Our minds are mostly occupied with two types of thoughts:

      • figuring out what we (should) want, and why it matters,
      • and working out what to do next – and how to do it.

It sounds logical to assume that we would spend enough time on the first; selecting sensible priorities before turning our attention and energy to execution.  After all, how can you set your sails if you don’t know to which port you are sailing?

Unfortunately, that is not how we do it.  We are, as a general rule, victims of the intrinsic conviction that ‘getting on with things’ is worthier than thinking too deeply about the ends we pursue.  It is as if we have an innate energy for execution and being engaged, but an equally inborn resistance to thoroughly reflect before we start doing. 

We ever so often ‘dive into it’ before asking fundamental questions about the intention and merit of the causes we launch ourselves into. Many of our actions are not backed by a credible answer to ‘why’ – and so leave us with meagre rewards.

To change this, we need to accept this weakness of ours: that being efficient is more appealing to us than being effective.  We find a to-do list more alluring than an empty page with a fundamental question on it.  Running between back-to-back meetings feels so fitting to the diligent servant in us!  We will keep record of excess stock in great detail, without being clear on why we hold the stock in the first place.  We will go the extra mile to earn more money, without a clear idea of what to do with it once we’ve earned it.  We will pack in more subjects in children’s school years, without a clue how the additions will really benefit their development.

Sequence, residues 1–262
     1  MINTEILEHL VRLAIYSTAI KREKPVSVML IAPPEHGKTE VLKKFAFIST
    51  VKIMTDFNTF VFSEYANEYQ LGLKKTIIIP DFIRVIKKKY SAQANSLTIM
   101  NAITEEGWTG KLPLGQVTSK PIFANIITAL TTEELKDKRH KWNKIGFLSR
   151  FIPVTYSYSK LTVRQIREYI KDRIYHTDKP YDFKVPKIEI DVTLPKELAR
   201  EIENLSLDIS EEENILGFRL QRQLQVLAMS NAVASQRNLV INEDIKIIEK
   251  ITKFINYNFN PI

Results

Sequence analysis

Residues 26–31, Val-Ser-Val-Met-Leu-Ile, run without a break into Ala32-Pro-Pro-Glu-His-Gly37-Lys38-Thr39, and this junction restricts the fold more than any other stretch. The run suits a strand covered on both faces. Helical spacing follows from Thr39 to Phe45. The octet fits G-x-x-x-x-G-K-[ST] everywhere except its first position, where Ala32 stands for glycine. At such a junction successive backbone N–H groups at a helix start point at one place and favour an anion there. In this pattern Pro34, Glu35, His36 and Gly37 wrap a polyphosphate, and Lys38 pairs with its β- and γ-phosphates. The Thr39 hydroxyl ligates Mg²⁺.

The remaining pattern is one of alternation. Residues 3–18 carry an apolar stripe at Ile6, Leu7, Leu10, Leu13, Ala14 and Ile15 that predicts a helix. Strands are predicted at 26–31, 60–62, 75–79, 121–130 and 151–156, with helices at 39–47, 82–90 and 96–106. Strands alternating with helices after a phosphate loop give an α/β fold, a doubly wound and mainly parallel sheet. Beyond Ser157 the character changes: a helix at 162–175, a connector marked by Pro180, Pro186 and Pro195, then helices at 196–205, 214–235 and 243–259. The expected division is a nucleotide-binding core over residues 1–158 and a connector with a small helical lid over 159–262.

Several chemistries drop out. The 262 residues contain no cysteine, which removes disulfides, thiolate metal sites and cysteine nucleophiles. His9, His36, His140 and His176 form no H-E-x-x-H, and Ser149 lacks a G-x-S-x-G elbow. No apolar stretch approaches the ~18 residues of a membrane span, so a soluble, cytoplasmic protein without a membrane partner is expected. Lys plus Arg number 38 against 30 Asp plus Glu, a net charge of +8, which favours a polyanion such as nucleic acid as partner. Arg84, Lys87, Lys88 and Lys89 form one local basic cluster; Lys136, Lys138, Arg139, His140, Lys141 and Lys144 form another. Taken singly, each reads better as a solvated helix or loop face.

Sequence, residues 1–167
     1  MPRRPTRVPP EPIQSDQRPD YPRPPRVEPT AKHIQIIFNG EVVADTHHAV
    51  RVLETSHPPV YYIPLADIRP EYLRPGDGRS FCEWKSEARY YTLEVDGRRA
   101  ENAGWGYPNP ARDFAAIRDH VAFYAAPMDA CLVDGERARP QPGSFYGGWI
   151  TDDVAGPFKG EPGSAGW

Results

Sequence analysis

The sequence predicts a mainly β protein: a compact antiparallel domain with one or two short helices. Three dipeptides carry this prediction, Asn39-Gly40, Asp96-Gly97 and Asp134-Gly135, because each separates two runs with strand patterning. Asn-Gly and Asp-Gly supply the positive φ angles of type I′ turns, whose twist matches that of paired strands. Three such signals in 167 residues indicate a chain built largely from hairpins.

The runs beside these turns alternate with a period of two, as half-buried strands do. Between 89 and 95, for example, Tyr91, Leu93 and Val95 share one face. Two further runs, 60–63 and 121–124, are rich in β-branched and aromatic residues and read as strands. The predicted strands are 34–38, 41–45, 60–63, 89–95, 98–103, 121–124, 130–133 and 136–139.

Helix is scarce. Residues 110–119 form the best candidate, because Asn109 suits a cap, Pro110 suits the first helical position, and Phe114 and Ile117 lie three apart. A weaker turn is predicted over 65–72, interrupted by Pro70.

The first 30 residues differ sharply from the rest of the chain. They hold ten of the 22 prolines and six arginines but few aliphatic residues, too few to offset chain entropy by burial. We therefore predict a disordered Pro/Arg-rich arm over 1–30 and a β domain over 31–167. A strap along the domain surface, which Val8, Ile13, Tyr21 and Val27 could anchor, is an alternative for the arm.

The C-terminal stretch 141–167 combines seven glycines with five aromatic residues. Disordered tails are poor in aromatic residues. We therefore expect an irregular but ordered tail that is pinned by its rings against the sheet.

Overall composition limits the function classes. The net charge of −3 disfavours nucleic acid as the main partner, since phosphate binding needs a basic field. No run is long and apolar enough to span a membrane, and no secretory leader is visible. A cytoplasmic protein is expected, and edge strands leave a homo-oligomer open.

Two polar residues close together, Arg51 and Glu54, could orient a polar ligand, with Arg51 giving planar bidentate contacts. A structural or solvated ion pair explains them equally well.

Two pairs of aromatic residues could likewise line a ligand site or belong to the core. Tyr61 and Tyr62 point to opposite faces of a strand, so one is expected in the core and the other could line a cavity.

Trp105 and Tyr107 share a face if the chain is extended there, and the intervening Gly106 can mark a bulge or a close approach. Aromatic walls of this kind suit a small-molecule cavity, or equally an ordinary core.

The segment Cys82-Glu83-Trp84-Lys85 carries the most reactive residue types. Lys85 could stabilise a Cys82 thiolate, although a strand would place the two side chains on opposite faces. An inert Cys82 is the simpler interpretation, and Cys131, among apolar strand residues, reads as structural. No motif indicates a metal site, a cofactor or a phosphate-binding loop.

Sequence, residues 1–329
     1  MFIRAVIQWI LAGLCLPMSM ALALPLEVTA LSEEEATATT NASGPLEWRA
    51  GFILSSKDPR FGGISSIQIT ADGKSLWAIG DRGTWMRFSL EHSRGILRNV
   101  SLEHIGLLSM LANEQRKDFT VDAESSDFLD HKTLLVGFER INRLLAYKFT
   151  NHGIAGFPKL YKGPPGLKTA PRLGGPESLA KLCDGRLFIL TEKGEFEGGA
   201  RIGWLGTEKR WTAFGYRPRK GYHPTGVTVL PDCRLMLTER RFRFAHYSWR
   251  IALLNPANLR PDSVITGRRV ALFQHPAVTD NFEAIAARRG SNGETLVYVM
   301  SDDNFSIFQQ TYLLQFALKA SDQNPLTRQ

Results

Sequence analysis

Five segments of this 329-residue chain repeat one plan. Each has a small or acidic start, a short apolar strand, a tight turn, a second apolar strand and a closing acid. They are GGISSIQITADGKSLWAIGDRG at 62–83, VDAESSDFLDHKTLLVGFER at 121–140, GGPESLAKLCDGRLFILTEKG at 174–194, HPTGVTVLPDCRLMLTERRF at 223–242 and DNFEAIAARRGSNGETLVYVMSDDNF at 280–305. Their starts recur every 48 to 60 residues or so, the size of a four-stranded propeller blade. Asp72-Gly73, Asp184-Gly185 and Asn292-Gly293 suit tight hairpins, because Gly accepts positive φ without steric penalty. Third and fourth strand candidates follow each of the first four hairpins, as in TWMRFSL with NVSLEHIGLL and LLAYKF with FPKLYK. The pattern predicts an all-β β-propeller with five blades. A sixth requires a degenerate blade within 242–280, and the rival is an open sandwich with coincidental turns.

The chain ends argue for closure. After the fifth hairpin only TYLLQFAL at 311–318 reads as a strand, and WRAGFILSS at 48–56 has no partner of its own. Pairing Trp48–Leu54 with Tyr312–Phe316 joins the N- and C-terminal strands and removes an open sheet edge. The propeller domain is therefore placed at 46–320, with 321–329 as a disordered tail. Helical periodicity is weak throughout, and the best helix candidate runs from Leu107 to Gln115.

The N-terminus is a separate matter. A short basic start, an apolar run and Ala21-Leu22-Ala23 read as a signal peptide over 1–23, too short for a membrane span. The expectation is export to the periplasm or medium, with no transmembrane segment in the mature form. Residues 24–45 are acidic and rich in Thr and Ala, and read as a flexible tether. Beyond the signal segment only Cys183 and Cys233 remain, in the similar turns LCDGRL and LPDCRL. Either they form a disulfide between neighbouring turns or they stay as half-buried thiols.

Is this true for you as well?  Are you over-devoted to execution, chronically absorbed by haste and action – but vague on the overriding ends you pursue?  Do you pause frequently enough, to ask ‘why’ you do what you do in the first place?   

It may be harder than you realise to unchain yourself from tight schedules, harsh timelines and rigid performance targets.  From an evolutionary perspective, mulling over larger questions was never a high priority.  Our strategic goals were all based on daily survival; being efficient.  Modern life, however, is not about basic survival anymore – and avoiding the central enquiries into why we should – or should not do something, can leave us very occupied but highly unproductive.

Challenge yourself to pause more.  To deliberately raise larger questions instead of indiscriminately following your intuition to be dutiful.  Make time to reflect upon more of life’s ‘why’ and ‘why not’ questions; finding clarity on ‘What is the point of this?’.  You may be surprised by the insights that follow the question ‘Is this the best way to spend my time?’. 

The point: Develop healthy suspicion of our covert devotion to haste over enquiry.  Relegate the glamour that famously clings to busy-ness – and carve out more space for speculative reflection.  If you do, you may find that many of those ‘to-do’s’ no longer make the list.